Social Media and Gaming

“Gamers are loners.”, “Gaming is not social.”, “Everything was better in the past.”
In the old days, when kids went to the arcade, they went with friends. These days, kids lock themselves in their rooms alone with their gaming device. That isn’t social, or is it?

Sony and Microsoft don’t agree with these statements. Their latest products, respectively the Playstation 4 and Xbox One, have social media integrated. They blend the online and offline world. For example, when a friend finds a legendary item while playing ‘single player’, the position of this item appears on your single player map too.
While playing a videogame you can also stream your gameplay live. This way your friends can watch you play and via their headsets they can interact with you. There’s even the possibility to aid your friend while using your tablet or phone. (Hunt 2013)

You could say console gamers are finally catching up with PC gamers on the social aspect. Failbetter Games, for example, is pulling people in socially long before Sony and Microsoft did. Failbetter creates unique interactive stories, like Fallen London, “which could be best described as a sort of choose your own adventure story in which you play alongside Facebook and Twitter friends, asking them for help”. (Harper 2013)

Moreover, the crowd-funding website Kickstarter lets both big and small game developers fund their game ideas. This really changes the gaming industry, because fans spread the word themselves via Twitter instead of the developer marketing their games via traditional media. (Harper 2013)

There are countless communities where people spread their love for gaming. People interacting, collaborating and sharing. Building new relationships, maintaining them, even ending some.
It’s like people are all around you, but are they really? Is it the same as having a real person standing next to you, breathing? What is the difference? Do you think people are less social because of these changes in gaming that are supposed to make it more social?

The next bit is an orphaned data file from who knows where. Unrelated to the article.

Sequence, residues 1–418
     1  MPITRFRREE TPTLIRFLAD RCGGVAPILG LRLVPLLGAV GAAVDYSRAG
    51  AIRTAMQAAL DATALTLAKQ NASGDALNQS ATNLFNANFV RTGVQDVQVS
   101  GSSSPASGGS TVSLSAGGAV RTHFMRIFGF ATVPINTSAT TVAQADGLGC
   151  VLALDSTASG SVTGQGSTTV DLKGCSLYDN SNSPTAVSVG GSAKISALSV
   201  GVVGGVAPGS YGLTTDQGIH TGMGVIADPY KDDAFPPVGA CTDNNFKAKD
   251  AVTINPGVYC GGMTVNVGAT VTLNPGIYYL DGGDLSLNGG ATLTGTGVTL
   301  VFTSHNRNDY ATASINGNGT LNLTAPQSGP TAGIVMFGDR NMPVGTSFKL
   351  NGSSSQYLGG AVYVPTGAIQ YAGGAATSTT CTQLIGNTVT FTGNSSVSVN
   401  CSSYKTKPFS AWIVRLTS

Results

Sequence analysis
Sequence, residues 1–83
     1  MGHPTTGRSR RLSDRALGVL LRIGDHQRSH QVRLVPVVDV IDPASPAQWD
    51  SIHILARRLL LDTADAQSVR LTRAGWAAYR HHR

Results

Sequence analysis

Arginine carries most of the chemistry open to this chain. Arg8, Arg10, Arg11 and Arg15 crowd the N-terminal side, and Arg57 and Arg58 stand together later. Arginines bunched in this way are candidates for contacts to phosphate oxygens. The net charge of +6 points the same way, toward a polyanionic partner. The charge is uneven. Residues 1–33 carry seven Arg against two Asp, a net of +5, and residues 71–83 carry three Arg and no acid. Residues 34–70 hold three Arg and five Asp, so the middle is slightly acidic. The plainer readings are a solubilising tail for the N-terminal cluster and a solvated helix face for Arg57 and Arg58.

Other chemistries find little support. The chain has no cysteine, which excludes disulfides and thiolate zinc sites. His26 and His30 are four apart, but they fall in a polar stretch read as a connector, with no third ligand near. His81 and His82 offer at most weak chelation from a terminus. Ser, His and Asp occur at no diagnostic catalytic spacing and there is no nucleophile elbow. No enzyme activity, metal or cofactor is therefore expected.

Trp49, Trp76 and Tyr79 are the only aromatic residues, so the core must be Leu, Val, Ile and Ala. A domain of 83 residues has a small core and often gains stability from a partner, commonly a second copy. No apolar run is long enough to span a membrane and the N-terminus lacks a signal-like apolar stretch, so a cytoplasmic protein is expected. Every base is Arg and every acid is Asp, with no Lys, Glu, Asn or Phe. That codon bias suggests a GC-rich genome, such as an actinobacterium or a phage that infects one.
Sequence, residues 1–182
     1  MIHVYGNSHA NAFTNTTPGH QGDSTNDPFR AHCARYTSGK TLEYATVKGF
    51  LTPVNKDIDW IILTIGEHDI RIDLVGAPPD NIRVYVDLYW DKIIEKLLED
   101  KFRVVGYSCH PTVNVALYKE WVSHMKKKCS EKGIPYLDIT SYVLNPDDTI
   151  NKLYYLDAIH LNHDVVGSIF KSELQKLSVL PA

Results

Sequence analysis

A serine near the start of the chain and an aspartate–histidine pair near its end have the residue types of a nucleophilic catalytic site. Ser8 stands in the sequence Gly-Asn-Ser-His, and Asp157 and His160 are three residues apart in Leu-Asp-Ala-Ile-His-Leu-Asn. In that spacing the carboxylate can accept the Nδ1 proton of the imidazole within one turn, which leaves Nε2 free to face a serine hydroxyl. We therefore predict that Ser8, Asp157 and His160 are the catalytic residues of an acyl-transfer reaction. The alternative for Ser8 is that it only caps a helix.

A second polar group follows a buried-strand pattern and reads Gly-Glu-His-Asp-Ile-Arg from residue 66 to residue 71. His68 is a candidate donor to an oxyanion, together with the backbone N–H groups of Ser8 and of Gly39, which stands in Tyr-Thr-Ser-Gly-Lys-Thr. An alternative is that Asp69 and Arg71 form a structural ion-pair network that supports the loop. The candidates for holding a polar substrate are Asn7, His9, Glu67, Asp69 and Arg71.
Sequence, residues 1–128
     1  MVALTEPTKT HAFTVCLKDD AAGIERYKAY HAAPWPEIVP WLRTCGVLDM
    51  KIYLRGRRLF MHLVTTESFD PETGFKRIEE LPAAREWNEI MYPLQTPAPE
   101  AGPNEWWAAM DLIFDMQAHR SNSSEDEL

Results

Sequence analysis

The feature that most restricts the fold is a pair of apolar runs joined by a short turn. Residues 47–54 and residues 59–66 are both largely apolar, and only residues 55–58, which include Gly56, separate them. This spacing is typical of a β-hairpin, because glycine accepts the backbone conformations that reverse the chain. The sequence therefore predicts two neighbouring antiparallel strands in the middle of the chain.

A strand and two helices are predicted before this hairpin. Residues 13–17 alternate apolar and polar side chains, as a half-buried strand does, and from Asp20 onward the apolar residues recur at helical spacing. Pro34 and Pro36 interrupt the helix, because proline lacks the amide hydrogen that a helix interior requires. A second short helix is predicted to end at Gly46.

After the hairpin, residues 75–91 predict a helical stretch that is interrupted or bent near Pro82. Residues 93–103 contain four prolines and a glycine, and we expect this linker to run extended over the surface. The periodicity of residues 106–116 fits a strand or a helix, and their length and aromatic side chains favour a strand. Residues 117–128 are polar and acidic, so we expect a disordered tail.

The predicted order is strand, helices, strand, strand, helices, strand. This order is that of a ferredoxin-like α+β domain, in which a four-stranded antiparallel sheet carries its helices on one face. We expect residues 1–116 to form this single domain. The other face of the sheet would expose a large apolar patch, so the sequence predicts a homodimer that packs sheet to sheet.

– Hunt, T. (2013) ‘5 Ways Video Game Companies are Leveraging Social Media’. Visited on 4 November 2015 via
– Harper, E. (2013) ‘Insiders Explain How Social Media and Video Games Are Merging’. Visited on 4 November 2015 via


Digitization of the world

The average time we spend online is 96 minutes a day and 11.3 hours a week. We cannot imagine a world without Internet anymore. I remember the time that my parents bought their first computer. It was huge and made lots of noise, but we had a computer!  In the past few years a digital revolution has taken place and since this revolution we cannot imagine a world without internet, computers, laptops, tablets, smartphones and web-shops anymore.

Nowadays everything happens online and you can do everything online. Even the lectures are streamed online and tests are taken online. Is it someone’s birthday? Just send him or her a message on Whatsapp, Facebook, Twitter or send a postcard via Hallmark or Greetz. No need to go outside anymore.

Earlier you could make a kid the happiest kid in the world if you would just give him or her a marble ball, a jumping rope or a coloring page. Nowadays they only settle for iPads and  smartphones. And when the battery of our smartphone dies we feel disconnected with the world. We cannot live without Internet anymore.Image

But don’t you think we exaggerate? Are we really not able to live without Internet, smartphones etc. anymore? I actually think it is nonsense and we should really just put away our smartphones for some time and spend some quality time together.

During my last holiday abroad we only had Wifi at the reception. At first I was like ‘oh my gosh no Wifi at the apartment?!’ But then I actually enjoyed it. No internet for a week! What a rest! It was just me and my family and no one else. And we had a great time.

What do you think? Are we becoming too dependent on our smartphones and Internet, or should we continue living the way we do and digitize more further?

Can You live without internet and your smartphone?